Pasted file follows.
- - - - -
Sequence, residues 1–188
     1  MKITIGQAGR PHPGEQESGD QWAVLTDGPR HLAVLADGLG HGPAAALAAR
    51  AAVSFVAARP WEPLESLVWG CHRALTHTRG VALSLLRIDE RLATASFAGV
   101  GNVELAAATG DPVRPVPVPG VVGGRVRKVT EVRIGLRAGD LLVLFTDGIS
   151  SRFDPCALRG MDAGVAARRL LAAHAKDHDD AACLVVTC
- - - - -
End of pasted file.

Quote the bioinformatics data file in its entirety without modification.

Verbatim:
Sequence, residues 1–188
     1  MKITIGQAGR PHPGEQESGD QWAVLTDGPR HLAVLADGLG HGPAAALAAR
    51  AAVSFVAARP WEPLESLVWG CHRALTHTRG VALSLLRIDE RLATASFAGV
   101  GNVELAAATG DPVRPVPVPG VVGGRVRKVT EVRIGLRAGD LLVLFTDGIS
   151  SRFDPCALRG MDAGVAARRL LAAHAKDHDD AACLVVTC